Meanwhile, net foreign asset holdings continue to accumulate on the PBOC’s balance sheet. Even though foreign liabilities have doubled in the past year, it is still relatively small part of the PBOC’s balance sheet.

As such, the PBOC’s balance sheet does not look like a central bank that has been actively and heavily intervening in the forex market to support the CNY. Otherwise, foreign assets holdings should shrink, as well as those free reserves on the liability side. That said, the PBOC has used some forward contracts to manage the pace of the CNY deprecation, but similar operations were seen during the 2015/16 episode after the currency reform (Figure 5).

Figure 5: Little strong evidence of heavy FX spot market intervention by the PBOC.

Source: Bloomberg, GROW Research

The CNY REER Has Reached a Cyclical Bottom

There have been speculations about Russia settling its oil exports in CNY, but then selling the CNY for USD to replenish its USD reserve. There could be elements of truth in this conspiracy theory. After all, Figure 6 shows that China-Russia trade balance is closely correlated with oil price, the CNY, and the FX settlement deficit in the Chinese banks.

Figure 6: FX settlement deficit around all time low, & correlated with China/Russian Trade since 2018.

Source: Bloomberg, GROW Research

However, our research shows that China has only 16.3 billion USD trade deficit with Russia, as Russia exports oil to China while importing a lot of Chinese goods. Around 1/3 of these trades are settled in the CNY, and set to increase. Further, while the offshore CNY market is growing, its deposits balance across major offshore trading hubs stands at more than 1.5 trillion yuan – significant but not enough to cause tidal waves in the CNY trading.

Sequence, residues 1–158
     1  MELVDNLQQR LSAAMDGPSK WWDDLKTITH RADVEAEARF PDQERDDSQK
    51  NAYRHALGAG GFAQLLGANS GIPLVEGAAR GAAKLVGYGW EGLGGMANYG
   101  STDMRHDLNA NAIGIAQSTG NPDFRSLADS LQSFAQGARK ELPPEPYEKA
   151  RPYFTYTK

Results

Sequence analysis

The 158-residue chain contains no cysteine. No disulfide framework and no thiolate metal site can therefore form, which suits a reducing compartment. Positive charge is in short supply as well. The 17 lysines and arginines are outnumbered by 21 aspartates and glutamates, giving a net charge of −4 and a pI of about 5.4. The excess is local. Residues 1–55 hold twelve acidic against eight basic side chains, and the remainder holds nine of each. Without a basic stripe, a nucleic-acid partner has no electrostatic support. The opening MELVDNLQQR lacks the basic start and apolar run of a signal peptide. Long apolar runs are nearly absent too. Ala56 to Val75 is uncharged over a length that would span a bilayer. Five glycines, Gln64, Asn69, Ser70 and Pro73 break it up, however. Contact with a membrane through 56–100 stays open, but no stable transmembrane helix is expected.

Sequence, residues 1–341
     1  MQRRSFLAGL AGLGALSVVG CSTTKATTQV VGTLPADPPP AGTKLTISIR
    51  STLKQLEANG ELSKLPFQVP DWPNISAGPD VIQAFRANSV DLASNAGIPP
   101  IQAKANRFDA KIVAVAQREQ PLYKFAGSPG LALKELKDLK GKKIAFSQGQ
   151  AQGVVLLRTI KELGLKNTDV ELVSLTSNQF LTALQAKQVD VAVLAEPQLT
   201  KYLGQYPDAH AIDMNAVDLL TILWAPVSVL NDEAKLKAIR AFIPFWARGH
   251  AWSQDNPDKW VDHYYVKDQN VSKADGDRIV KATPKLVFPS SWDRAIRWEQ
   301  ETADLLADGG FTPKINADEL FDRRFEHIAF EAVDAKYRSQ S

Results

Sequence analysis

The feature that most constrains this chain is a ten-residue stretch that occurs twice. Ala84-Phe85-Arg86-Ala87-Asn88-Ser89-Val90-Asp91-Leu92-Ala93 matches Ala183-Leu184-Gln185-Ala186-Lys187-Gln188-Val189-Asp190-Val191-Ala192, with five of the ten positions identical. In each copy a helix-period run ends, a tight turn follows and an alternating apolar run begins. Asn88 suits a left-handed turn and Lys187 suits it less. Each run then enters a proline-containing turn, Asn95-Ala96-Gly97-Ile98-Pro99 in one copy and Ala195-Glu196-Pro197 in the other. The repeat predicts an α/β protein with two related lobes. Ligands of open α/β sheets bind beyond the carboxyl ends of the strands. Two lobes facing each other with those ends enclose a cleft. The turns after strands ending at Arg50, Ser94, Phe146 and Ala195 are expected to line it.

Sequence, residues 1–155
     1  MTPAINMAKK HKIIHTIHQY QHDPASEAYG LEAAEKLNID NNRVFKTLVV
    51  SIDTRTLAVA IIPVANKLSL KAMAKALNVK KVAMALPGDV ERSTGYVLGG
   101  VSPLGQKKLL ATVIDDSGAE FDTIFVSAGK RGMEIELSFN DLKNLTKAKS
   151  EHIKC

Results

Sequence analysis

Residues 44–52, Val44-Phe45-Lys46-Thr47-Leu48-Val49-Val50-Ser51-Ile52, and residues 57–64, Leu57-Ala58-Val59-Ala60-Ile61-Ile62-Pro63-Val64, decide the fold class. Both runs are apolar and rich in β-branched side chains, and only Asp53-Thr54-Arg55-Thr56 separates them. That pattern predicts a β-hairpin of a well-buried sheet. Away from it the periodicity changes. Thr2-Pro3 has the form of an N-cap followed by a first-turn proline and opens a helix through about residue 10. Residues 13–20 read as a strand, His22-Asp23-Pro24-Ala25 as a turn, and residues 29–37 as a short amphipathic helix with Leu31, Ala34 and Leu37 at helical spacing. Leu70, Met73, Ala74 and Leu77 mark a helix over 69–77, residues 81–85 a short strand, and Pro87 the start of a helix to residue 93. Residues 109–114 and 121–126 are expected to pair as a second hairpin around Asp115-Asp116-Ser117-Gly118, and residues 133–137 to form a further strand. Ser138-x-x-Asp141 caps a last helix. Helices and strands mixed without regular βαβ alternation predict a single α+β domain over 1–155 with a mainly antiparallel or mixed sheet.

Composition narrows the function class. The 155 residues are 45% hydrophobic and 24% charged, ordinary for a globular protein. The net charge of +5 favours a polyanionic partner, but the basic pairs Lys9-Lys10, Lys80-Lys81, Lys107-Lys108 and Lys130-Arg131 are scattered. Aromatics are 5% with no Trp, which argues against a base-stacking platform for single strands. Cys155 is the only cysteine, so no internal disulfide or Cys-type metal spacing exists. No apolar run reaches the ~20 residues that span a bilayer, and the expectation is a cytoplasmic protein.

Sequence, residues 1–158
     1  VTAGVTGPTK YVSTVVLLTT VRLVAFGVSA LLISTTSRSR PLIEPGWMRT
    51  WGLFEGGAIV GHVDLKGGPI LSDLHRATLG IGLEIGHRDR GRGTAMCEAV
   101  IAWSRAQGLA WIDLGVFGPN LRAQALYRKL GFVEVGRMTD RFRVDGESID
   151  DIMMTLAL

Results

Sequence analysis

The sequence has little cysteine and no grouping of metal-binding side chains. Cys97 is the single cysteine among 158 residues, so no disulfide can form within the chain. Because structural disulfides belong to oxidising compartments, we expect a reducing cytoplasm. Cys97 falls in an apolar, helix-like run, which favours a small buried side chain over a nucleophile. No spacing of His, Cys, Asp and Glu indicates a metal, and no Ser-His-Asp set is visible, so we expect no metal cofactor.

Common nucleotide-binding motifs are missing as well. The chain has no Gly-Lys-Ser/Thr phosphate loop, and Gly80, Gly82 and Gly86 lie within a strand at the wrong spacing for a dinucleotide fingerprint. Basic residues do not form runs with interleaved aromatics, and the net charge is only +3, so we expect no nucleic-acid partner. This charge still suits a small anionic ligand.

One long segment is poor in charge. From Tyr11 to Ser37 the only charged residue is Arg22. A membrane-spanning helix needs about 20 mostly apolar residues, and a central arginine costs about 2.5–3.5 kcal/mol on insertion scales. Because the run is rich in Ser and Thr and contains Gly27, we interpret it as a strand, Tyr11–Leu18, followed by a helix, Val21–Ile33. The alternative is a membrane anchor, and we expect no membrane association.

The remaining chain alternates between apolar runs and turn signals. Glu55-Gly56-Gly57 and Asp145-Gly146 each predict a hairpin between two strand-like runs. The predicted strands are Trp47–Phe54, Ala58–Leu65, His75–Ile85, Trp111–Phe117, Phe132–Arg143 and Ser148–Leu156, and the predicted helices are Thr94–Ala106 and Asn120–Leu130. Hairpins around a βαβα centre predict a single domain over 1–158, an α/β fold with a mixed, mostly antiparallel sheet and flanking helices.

Instead, the currency issued and deposits from other depository financial institutions have expanded significantly on the PBOC’s balance sheet. Or that the PBOC has been sterilizing the CNY inflow from record trades, as evidenced by the surge in the supply of CNY in the past few years (Figure 7). Unfortunately, the opaque nature of the central bank accounts and transactions makes it impossible to grasp every single detail of the myriads of these operations. That said, the direction of cross border fund flow is clear.

Figure 7: The PBOC has been sterilizing trade flows and thus increasing money supply.

Source: Bloomberg, GROW Research

The CNY REER cycle shows a similar picture as the indicators aforementioned. If we adjust the CNY REER using our 850-cycle theory (details in my previous thematic report, not discussed here), we can see that the CNY REER has clearly arrived at its cyclical lows. Consistent with our 850-Cycle theory, each CNY REER cycle lasts about seven years consisting of two short cycles of three and a half year each (Figure 8).

Figure 8: The CNY REER has bottomed, and confirms that last October is an important low.

Source: Bloomberg, GROW Research

This CNY REER cycle is consistent with our theory of China economic cycle. The Chinese economic cycle is driven by inventory activities and the PBOC’s policies. We have quantitatively verified its existence for the past three decades, and have written extensively in our previous research and in our bestselling book titled “Forecast: The Economy, the Cycle and Market Bubble” (2020, CITIC Press). 

The CNY forward rate has also bottomed in tandem with the CNY REER. While the REER measures the real purchasing power of the CNY, the CNY forward shows the implied market expectation of CNY depreciation is also bottoming. Both rates are closely correlated with China’s stock market that also exhibits a similar cycle of 3.5 years (Figure 8).

Figure 9: Gold implied CNY depreciation diverging from PBOC’s balance sheet and China’s FX reserve.

Source: Bloomberg, GROW Research

China-US Yield Gap Stabilizing

There have been many schools of thoughts why Chinese stocks have underperformed so severely in a year when the Chinese economy has been emerging from COVID lockdown. Many blame the exit of foreign capital due to compliance and ideological clashes as the causes. We have demonstrated in the previous sections that the CNY depreciation can explain much of the underperformance in stocks. And we have seen similar episodes in the past.

Figure 10: Chinese stocks are highly correlated with US long yields.

Source: Bloomberg, GROW Research